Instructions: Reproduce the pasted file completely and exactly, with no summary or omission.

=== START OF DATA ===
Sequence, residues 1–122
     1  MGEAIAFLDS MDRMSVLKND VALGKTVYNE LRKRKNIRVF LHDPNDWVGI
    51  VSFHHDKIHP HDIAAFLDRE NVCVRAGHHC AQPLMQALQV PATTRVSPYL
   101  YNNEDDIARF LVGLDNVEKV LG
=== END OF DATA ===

Sequence, residues 1–122
     1  MGEAIAFLDS MDRMSVLKND VALGKTVYNE LRKRKNIRVF LHDPNDWVGI
    51  VSFHHDKIHP HDIAAFLDRE NVCVRAGHHC AQPLMQALQV PATTRVSPYL
   101  YNNEDDIARF LVGLDNVEKV LG